I’ve gotten to where I enjoy walking around the farmer’s market; even with the summer heat. It’s kinda nice looking at all of the small farm and family booths and checking out what their farms have yielded. I think that even while we’re watching our money, trying to stick to a budget, and stretch our paychecks each month, we cannot forsake our health in the process. One of the things we don’t think about, and that is not often taught or talked about, is the fact that not eating healthy will often cost you more in the long run. Someone once said to me, you can pay more now to eat right and do the things needed to maintain a healthy lifestyle, or you can pay more later, with the cost of doctors’ visits and medications from diseases we develop, mostly attached to our unhealthy lifestyles.

I’ve decided to only use cash when I go to the market now, so that I can control how much I’m spending. The other decision I made was to not buy more than what I could prepare and eat in one week’s time. In the past, too often I’ve ended up having to throw away some of my vegetables if I couldn’t eat them fast enough before they started browning, wilting and growing mold. I always feel bad when that happens because wasted food is wasted money! I recently read that Americans waste  approximately 150,000 tons of food each day, which comes out to be about a waste of one pound a day per person. That is ridiculously sad; especially given the number of people who go to bed hungry every day in America. 

While I can’t control what other people do, I am motivated to do more of my part, and not contribute to the  “American waste” mentality. And I do think it’s a “mentality.” Here in America, we live in a society where no one likes to be told what to do; certainly not what or how much to buy. Where “rights” have overtaken common sense. I mean, why else were so many people originally against wearing seatbelts and still fight helmet laws?  

Regarding food, I still think about how so many schools were against Jamie Oliver’s Food Revolution; when he set out to show how the foods being served in many American schools were high fat, high sugar, high sodium, processed foods, that were contributing to the increase in childhood obesity, and the decline in the overall health of children at much younger ages. The state governments may be saving money by the food choices they make for the schools, but parents of these kids are spending more time and money in doctor’s offices, and setting up an unhealthy lifestyle that their child will have to deal with once they become adults, and the cost gets transferred on to them.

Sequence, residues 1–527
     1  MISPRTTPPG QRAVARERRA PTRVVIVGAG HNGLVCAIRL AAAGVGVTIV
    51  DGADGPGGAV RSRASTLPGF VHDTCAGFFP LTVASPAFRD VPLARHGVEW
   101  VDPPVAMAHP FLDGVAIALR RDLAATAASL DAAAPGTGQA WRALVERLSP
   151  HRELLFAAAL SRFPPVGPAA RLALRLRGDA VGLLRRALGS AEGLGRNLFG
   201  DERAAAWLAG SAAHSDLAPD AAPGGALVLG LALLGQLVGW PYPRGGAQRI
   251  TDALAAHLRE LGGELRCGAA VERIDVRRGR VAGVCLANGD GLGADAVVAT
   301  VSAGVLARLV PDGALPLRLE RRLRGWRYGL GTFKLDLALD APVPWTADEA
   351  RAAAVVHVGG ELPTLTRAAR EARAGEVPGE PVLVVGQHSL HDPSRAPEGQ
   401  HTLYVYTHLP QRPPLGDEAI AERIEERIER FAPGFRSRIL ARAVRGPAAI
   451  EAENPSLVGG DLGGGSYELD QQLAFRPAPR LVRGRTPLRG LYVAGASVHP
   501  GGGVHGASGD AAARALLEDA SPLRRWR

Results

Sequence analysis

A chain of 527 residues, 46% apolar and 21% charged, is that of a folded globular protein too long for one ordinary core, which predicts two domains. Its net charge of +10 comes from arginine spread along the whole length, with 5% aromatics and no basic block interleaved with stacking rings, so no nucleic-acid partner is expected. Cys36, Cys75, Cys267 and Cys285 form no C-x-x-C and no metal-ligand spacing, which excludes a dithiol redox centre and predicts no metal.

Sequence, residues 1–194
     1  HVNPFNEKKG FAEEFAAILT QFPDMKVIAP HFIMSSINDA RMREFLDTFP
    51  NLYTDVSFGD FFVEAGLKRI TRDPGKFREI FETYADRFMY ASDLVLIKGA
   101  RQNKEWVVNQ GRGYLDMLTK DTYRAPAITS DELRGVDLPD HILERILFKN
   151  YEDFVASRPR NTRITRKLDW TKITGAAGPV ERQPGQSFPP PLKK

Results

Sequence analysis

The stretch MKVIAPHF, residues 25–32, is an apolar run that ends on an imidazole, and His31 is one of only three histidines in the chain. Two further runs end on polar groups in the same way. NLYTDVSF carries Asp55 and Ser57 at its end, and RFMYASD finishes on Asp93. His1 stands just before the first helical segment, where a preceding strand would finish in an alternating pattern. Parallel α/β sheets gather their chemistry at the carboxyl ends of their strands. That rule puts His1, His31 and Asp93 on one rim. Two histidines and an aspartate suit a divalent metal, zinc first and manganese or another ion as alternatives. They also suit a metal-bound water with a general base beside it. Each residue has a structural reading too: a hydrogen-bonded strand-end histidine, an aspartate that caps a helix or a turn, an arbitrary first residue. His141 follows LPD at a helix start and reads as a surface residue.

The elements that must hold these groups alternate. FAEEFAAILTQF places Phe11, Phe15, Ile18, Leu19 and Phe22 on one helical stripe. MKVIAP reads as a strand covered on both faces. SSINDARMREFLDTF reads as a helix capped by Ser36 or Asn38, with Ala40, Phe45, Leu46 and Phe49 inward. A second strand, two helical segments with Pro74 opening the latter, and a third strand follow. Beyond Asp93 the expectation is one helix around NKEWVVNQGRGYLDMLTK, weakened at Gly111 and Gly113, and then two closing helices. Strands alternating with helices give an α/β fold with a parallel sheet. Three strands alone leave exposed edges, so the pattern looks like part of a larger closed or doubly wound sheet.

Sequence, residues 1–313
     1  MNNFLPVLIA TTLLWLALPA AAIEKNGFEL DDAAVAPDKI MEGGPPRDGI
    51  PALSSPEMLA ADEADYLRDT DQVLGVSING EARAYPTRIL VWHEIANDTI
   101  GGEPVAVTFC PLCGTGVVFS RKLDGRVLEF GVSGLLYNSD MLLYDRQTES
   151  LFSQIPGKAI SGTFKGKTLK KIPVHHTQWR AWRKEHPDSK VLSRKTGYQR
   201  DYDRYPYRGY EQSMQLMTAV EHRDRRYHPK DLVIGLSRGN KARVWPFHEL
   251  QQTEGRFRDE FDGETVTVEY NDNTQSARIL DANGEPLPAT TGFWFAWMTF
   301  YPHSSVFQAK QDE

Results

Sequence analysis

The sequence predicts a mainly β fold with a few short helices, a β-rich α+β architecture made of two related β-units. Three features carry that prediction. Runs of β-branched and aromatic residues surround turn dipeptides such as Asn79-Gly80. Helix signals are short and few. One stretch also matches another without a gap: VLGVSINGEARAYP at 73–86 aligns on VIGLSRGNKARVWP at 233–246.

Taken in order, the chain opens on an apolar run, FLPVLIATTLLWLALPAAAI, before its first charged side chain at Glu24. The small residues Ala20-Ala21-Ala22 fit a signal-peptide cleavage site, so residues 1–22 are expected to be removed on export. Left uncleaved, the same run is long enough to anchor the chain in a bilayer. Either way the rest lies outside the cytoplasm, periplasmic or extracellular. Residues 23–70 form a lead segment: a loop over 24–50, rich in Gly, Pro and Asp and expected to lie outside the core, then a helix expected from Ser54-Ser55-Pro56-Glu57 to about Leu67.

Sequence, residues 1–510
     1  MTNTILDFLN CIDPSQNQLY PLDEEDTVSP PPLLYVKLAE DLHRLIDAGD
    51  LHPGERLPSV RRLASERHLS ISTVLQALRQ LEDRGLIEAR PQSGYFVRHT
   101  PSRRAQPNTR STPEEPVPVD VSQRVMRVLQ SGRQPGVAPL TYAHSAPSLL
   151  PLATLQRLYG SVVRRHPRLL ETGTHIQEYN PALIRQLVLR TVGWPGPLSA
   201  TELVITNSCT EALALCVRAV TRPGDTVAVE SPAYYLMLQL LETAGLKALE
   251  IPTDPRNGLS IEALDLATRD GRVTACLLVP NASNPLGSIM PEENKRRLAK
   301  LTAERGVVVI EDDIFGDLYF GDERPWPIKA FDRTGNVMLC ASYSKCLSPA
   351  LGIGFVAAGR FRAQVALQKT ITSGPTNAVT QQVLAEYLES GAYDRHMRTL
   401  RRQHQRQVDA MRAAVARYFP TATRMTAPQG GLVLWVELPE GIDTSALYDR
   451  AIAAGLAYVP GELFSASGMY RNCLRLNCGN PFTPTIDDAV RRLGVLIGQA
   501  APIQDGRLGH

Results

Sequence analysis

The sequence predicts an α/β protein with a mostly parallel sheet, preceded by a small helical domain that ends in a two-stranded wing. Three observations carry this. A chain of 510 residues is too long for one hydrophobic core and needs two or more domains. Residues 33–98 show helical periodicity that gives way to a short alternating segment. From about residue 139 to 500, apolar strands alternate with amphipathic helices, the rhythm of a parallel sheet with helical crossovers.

But I digress.

So being single, I have had to learn how to figure out what’s enough and what’s too much, because there’s no one else helping you eat it. That’s why I also try to only buy those things I know I like, or in some cases, things I know I need, like these beets. I don’t like them, but I’ve figured out a way to prepare them to help me try to eat them more often, mostly because of all of the nutritional benefits they provide. 

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As you work on your monthly budget, and make out your weekly shopping lists, remember to leave room for the bigger picture. Plan today so that you’re not paying a bigger price tomorrow.

Catching Raindrops in Water Barrels

I love hearing from people who have made changes in their lives because of something I’ve shared here, and on our Facebook page, or challenges I’ve made to encourage others on ways to take control over their own financial future. It’s not always possibly for someone to take on a second job; or even in some cases, working outside the home at all. But there are lots of ways we can all make changes to help save and stretch the use of the money that IS coming in to the home. So I was really excited to hear from a friend of mine who had not only done just that…but utilized one avenue quite literally, by catching raindrops in her water (buckets) barrels!